May 12, 2000
As the crew leader for the year 2000 WODC trail season, Iím supposed to write a letter of introduction to the four of you. Why on earth the Club wants you to know that youíll be stuck on a remote mountain top with a raving lunatic before we have you stranded in the tiny burg of Wonalancet is beyond me, but whatever Peter says, I do. So here goes.
Now, I suppose I could recount how in the 60's and early 70's I protected the American way of life by fighting the evil communist scourge, and how my actions ultimately led to the collapse of the Soviet Union. Or maybe I could regale you with my later exploits in environmental guerilla warfare, both with the Coalition for Direct Action and as a freelancer. But in the interest of protecting state secrets, the remote chance that not all the statutes of limitations have expired, and brevity, I will limit my bio to trail-related matters.
In the early 80's I decided it was time I gave something back to the pastime that had given so much to me. I joined the Appalachian Mountain Club (New Hampshire Chapter) Trail Crew, a statewide group of volunteers that do about a dozen work trips a year. At that time, the Crew was divided into two groups: the Smurfs, who skipped and pranced up the trail, snipping a protruding branch here, and kicking a fallen limb off the trail there; and the Hogs, who would seek out the muddiest, buggiest spot on the trail and stay there all day, rooting and wallowing to their heartís content.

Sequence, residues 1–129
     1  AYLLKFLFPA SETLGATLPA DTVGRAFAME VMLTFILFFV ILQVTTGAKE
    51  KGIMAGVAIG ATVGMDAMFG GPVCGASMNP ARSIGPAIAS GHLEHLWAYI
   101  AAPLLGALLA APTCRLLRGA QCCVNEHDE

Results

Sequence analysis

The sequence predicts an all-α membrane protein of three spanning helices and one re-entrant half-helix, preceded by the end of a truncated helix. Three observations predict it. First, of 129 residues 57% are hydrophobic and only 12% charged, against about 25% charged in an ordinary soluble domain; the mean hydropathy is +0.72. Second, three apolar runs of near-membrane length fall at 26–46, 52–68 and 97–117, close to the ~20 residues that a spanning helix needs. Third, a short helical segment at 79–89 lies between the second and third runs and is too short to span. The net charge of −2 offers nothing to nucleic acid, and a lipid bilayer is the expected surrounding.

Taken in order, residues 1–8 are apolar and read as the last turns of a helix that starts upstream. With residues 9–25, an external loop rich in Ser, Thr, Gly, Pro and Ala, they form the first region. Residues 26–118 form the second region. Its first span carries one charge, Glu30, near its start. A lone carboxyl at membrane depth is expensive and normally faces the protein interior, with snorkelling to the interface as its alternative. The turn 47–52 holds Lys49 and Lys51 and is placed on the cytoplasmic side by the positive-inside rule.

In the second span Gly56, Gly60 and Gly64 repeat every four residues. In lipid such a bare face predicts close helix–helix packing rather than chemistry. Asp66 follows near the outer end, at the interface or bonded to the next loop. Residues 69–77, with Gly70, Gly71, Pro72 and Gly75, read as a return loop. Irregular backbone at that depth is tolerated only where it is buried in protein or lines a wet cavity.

Ever since I was three years old, when the cat taught me how to unlatch the screen door and I discovered the freedom of the outdoors, Iíve loved mud. Naturally, I gravitated toward the Hogs. As I learned what these Hogs were actually up to, I discovered a new concept that intrigued me to no end: the paradox of making a god-awful mess in the interest of protecting the environment from the hikers. I love a paradox almost as much as I love mud. I was hooked.
For two years I collected rocks for Ed. Ed was amazing. Late fifties, taciturn, practical and efficient. He would turn over a dozen rocks I had collected, studying and memorizing every corner, every cleft, dimple and nub. Then he would hand me a shovel. "Dig there." I would dig. "Stop at that root." I would stop. "Deeper there." I would dig deeper. When he was satisfied that I could do no better, he would take the shovel, scrape some here, fill some there, and turn to the rock pile. He knew exactly which rock to pick first, where it was going and how it would be oriented. In no time at all steps or a retaining wall would materialize before me.